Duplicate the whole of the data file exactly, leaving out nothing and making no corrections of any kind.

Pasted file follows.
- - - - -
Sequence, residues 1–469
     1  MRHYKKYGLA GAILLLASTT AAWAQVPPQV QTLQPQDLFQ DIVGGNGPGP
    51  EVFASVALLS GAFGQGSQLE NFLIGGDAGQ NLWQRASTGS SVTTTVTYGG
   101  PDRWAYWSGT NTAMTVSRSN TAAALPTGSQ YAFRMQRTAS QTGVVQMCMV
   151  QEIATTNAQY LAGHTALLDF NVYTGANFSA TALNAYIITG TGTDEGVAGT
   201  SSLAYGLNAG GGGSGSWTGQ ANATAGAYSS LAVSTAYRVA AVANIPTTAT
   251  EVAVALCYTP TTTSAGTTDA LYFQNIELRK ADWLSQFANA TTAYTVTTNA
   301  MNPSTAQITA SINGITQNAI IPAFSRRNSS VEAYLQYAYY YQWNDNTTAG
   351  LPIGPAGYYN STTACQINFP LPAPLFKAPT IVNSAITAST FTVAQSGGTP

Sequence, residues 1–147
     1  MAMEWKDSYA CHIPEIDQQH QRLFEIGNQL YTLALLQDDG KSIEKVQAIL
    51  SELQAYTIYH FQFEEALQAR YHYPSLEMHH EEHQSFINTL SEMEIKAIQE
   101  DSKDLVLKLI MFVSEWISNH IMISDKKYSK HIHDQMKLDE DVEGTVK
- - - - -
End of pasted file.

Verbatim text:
Sequence, residues 1–469
     1  MRHYKKYGLA GAILLLASTT AAWAQVPPQV QTLQPQDLFQ DIVGGNGPGP
    51  EVFASVALLS GAFGQGSQLE NFLIGGDAGQ NLWQRASTGS SVTTTVTYGG
   101  PDRWAYWSGT NTAMTVSRSN TAAALPTGSQ YAFRMQRTAS QTGVVQMCMV
   151  QEIATTNAQY LAGHTALLDF NVYTGANFSA TALNAYIITG TGTDEGVAGT
   201  SSLAYGLNAG GGGSGSWTGQ ANATAGAYSS LAVSTAYRVA AVANIPTTAT
   251  EVAVALCYTP TTTSAGTTDA LYFQNIELRK ADWLSQFANA TTAYTVTTNA
   301  MNPSTAQITA SINGITQNAI IPAFSRRNSS VEAYLQYAYY YQWNDNTTAG
   351  LPIGPAGYYN STTACQINFP LPAPLFKAPT IVNSAITAST FTVAQSGGTP

Sequence, residues 1–147
     1  MAMEWKDSYA CHIPEIDQQH QRLFEIGNQL YTLALLQDDG KSIEKVQAIL
    51  SELQAYTIYH FQFEEALQAR YHYPSLEMHH EEHQSFINTL SEMEIKAIQE
   101  DSKDLVLKLI MFVSEWISNH IMISDKKYSK HIHDQMKLDE DVEGTVK